Proper “work from home” setup- Ask a physiotherapist



How you use your computer can be a major cause of back, neck, and shoulder pain. In times where a lot of us are working from home, it is important to have a proper home desk set up. Here are some simple tips on how to help prevent injuries when using your computer.

Get ready:

  1. Always sit in a good quality, adjustable, and comfortable office chair. Pull your chair close to the desk and adjust the seat height so that your elbows, hips, and knees are bent at approximately 90 degrees. Your forearms should be parallel to or sloping down toward the desktop. Your feet should rest flat on the floor—use a footrest if necessary.
  2. Adjust the backrest of your chair to support the curve in your lower back and to help keep you upright when typing. Use a back support cushion if necessary. Relax your shoulders.
  3. Get a large computer monitor to reduce the strain on the eyes and neck muscles.
  4. If you have a laptop, make sure you use a docking port and an additional keyboard when using your computer for a prolonged period. This allows you to sit with a better posture and reduce strain.

Get set:

  1. Sit up straight and position your computer screen at a comfortable viewing distance, generally at arm’s length. Keep the top of the screen below eye level and directly in front of you. Don’t use your screen positioned to one side.
  2. Don’t work from documents flat on the desk. Use a document holder set close to the screen at the same distance from your eyes, or prop your work on a folder between the keyboard and screen.
  3. Ensure your screen is easy to see. Eliminate reflections by adjusting and tilting the screen and ensure there is no light source directly behind it. Adjust the brightness control to suit. Use a larger typing font to reduce eye strain.

Go easy on yourself:

  1. Don’t use a notebook computer for extended periods. If this is unavoidable then check that the top of the screen is below eye level, and plug in a mouse and a normal size keyboard.
  2. Limit continuous computer use and take a break every 30 minutes to do some neck, wrist, and shoulder stretches. Focus on a distant point to give your eyes a break. Get up and walk around every hour. Change your tasks regularly to alter the load on your body.
  3. Learn to touch type so you don’t have to bend your head forward searching for the keys. Small up and down motions of the head can cause a repetitive stress injury to the neck. Alternate between mouse and keyboard by varying your inputting tasks. Learn the function keys and short cuts to reduce the amount of mouse use.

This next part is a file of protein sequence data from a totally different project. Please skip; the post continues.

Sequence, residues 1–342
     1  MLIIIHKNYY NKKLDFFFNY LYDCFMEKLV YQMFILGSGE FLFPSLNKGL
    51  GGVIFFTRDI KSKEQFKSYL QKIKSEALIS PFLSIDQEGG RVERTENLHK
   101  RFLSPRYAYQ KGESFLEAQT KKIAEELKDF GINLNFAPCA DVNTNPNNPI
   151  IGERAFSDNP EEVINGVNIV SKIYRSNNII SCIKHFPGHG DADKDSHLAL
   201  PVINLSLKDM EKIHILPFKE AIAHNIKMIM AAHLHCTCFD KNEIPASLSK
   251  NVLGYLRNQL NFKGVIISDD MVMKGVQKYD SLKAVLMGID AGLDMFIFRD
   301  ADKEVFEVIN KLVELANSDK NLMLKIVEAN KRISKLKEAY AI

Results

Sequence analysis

4. Manage the stresses of work and study with a balance of exercise, relaxation, and other stress management approaches.
  5. Take notice of early warnings. If you feel an ache or discomfort in any part of your body, check your posture, take a break and, if the pain persists, see a physiotherapist.

What other things should I consider?

  • Use a quality contoured pillow to support your neck when sleeping. Choose one according to whether you are a back, side or stomach sleeper
  • Consider whether your bed is giving you enough support when you sleep
  • Try to lose weight if you are overweight to reduce the load on your spine and back muscles
  • Adjust your car mirrors so that your head does not have to come forward to see clearly
  • Increase your general fitness. Keep yourself strong, active and flexible. Stretch regularly to prevent joint stiffness and muscle tightness.
  • Be careful when lifting; make sure you maintain a good posture and make sure the load is    not too heavy or large. Get another person to help if necessary
  • Use a heat pack to help relax tight muscles
  • Get regular massages to reduce muscle tightness
  • Get a stand-up desk to help minimize the time spent sitting in one position during the day. A stand uo desk can be ordered online during these times and you can ask your physiotherapist for more guidance if needed

By Charlotte Anderson, MSc. PT, PhD
Physiotherapist Charlotte Anderson

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